I love teaching, I really do. I should be retired by now, and for the most part I am. I teach two online classes but don’t show up at 8:00 ready to “rock and roll.” Nor do have committee work, an office, or a dress code. The absolute best part is that I still get to interact with students. Sometimes they write something humorous like “for all intensive purposes” when they mean “for all intents and purposes.” Funny, huh? Yeah, it kinda is.
It’s not so funny, though, when you learn, as I did, that one’s own writing can be humorous, too.
I’m not judging, especially since I’ve been reading bits of Dreyer’s English: An Utterly Correct Guide to Clarity and Style.I introduced the author a couple of blogs back. So far, he’s the only editor/writer I’ve ever read who’s both amusing and instructive. He adds personal anecdotes and interjects witty comments throughout. He’s taught me a lot, including things I thought I knew.
- I’ve been overheard saying, “We were chomping at the bit to get out of the house.” You probably have too. The correct phrase is “champing at the bit,” but since champing is an unfamiliar word to many people, they don’t use it. Either is fine with Dreyer; he sees the condemnation of chomping as trifling. Me too.
- Nonplussed is an interesting word, one that I misused for years without a single soul letting me know. Perhaps they were ignorant too. “Accustomed to waiting in line, she was nonplussed at the length of the queue at the highway department.” Was she cool, calm, and collected? Yes. Was she nonplussed? I don’t know. Not unless she was confused.
- “Fake it ‘til you make it” is a phrase I often write…or used to. No more. Dreyer calls it a prissyism and takes a look at the words till and until. Till is an older word than until and since they mean the same thing, he encourages his readers to write, “Fake it till you make it.” Learning that bit of information was almost worth the price of the book. Almost. Every time I’ve written ‘til, I wondered why and yet did it anyway.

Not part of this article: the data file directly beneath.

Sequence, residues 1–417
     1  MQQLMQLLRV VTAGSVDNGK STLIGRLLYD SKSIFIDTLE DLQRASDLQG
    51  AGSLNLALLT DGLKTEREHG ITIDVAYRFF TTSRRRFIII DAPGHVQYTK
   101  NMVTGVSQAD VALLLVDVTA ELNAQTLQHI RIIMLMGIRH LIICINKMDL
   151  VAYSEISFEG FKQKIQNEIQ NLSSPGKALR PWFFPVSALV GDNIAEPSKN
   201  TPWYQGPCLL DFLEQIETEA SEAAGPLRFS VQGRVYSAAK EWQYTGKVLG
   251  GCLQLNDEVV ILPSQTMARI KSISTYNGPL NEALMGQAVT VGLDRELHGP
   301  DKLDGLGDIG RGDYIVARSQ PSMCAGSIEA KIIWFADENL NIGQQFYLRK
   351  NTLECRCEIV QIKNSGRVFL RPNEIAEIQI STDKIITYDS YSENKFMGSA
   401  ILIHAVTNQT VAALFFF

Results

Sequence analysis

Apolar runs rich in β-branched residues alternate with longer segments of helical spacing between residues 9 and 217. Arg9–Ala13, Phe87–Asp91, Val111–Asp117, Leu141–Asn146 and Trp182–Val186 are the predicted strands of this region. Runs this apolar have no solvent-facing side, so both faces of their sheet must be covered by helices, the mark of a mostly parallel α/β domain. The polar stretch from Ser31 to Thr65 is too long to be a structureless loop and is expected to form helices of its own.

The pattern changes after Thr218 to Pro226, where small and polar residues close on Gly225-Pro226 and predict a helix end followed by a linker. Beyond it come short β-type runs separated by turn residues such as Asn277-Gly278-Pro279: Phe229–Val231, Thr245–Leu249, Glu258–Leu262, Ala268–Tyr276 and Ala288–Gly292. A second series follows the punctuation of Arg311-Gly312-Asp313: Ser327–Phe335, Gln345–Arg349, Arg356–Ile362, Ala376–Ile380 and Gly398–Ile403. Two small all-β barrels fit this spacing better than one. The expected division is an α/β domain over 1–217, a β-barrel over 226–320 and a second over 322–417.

- My writing group has put a couple of anthologies together, an engaging project in many ways. The undertaking engaged our time, energy, thoughts, and dreams, and it provided ample opportunities for us to participate (engage) as a group. One of the excellent writers and I did most of the editing, and when we came to a story using alright, I felt uneasy about it. Better look it up in a big thick style guide, I thought.
- My sources were definitive–no quibbling about it; all right was right, not alright. We presented the information to the writer and let the decision be his. We weren’t Random House, after all, and we wanted to retain the integrity of each writer’s work (or something high-minded like that). He went with the correct term—all right. Dreyer says that although alright is making inroads, he’ll continue to wrinkle his nose at the sight of it.
Question: what about alrighty?
“I want to spell colour with a u whether I live in England or not,” he said.
“But you live in America, and here we spell it color,” she replied.
“I don’t give a fig about how people in Iowa or Colorado spell it, and that’s that,” he said.
“Well, alrighty then,” she said with a sigh.
- My siblings and I wrote a family history a year ago, and whenever I used the word forebearers, that red zigzag line immediately showed up beneath it. I learned there was no such word; forebear, yes; forebearers, no. My brother did the same thing, and we could have sworn (hackneyed phrase, but it fits) we’d seen it before—often, in fact. But we were wrong. Dreyer doesn’t mention forbearer, but he does caution his readers about confusing forbear (refrain from) with forebear (ancestor).
Why this blog? Why this topic? Writing, editing, and revising aren’t easy, but they’re worth it if you want to produce something decent. I’m willing to learn. What about you?